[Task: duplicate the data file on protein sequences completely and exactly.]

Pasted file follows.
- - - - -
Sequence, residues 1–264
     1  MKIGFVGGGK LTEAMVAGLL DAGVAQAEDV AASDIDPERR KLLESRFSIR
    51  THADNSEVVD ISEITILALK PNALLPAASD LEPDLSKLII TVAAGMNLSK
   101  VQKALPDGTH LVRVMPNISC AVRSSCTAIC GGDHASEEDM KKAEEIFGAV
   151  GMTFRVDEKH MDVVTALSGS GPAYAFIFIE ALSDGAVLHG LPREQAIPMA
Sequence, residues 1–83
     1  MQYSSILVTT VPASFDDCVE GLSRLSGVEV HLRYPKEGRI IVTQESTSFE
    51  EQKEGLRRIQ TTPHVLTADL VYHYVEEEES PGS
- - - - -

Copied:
Sequence, residues 1–264
     1  MKIGFVGGGK LTEAMVAGLL DAGVAQAEDV AASDIDPERR KLLESRFSIR
    51  THADNSEVVD ISEITILALK PNALLPAASD LEPDLSKLII TVAAGMNLSK
   101  VQKALPDGTH LVRVMPNISC AVRSSCTAIC GGDHASEEDM KKAEEIFGAV
   151  GMTFRVDEKH MDVVTALSGS GPAYAFIFIE ALSDGAVLHG LPREQAIPMA
Sequence, residues 1–83
     1  MQYSSILVTT VPASFDDCVE GLSRLSGVEV HLRYPKEGRI IVTQESTSFE
    51  EQKEGLRRIQ TTPHVLTADL VYHYVEEEES PGS